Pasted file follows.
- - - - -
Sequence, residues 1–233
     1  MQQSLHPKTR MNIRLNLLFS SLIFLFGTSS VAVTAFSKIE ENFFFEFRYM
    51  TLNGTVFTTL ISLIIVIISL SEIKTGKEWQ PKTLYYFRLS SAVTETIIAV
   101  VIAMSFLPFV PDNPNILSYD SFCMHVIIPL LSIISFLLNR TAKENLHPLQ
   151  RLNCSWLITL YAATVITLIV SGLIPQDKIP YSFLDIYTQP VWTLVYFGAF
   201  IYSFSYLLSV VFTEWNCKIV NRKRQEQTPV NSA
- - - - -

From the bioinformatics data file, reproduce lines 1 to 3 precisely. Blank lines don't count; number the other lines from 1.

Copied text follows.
Sequence, residues 1–233
     1  MQQSLHPKTR MNIRLNLLFS SLIFLFGTSS VAVTAFSKIE ENFFFEFRYM
    51  TLNGTVFTTL ISLIIVIISL SEIKTGKEWQ PKTLYYFRLS SAVTETIIAV